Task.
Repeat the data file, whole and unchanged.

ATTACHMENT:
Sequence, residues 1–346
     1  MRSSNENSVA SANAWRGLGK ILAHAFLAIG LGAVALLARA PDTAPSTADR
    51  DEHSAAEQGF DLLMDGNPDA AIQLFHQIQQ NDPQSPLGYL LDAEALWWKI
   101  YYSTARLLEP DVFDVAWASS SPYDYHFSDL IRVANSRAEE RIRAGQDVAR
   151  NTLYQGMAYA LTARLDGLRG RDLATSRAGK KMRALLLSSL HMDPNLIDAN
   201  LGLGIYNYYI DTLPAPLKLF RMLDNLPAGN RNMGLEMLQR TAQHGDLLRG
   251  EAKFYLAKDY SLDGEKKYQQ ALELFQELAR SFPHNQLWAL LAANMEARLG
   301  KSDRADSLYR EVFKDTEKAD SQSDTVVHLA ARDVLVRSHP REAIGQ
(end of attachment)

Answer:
Sequence, residues 1–346
     1  MRSSNENSVA SANAWRGLGK ILAHAFLAIG LGAVALLARA PDTAPSTADR
    51  DEHSAAEQGF DLLMDGNPDA AIQLFHQIQQ NDPQSPLGYL LDAEALWWKI
   101  YYSTARLLEP DVFDVAWASS SPYDYHFSDL IRVANSRAEE RIRAGQDVAR
   151  NTLYQGMAYA LTARLDGLRG RDLATSRAGK KMRALLLSSL HMDPNLIDAN
   201  LGLGIYNYYI DTLPAPLKLF RMLDNLPAGN RNMGLEMLQR TAQHGDLLRG
   251  EAKFYLAKDY SLDGEKKYQQ ALELFQELAR SFPHNQLWAL LAANMEARLG
   301  KSDRADSLYR EVFKDTEKAD SQSDTVVHLA ARDVLVRSHP REAIGQ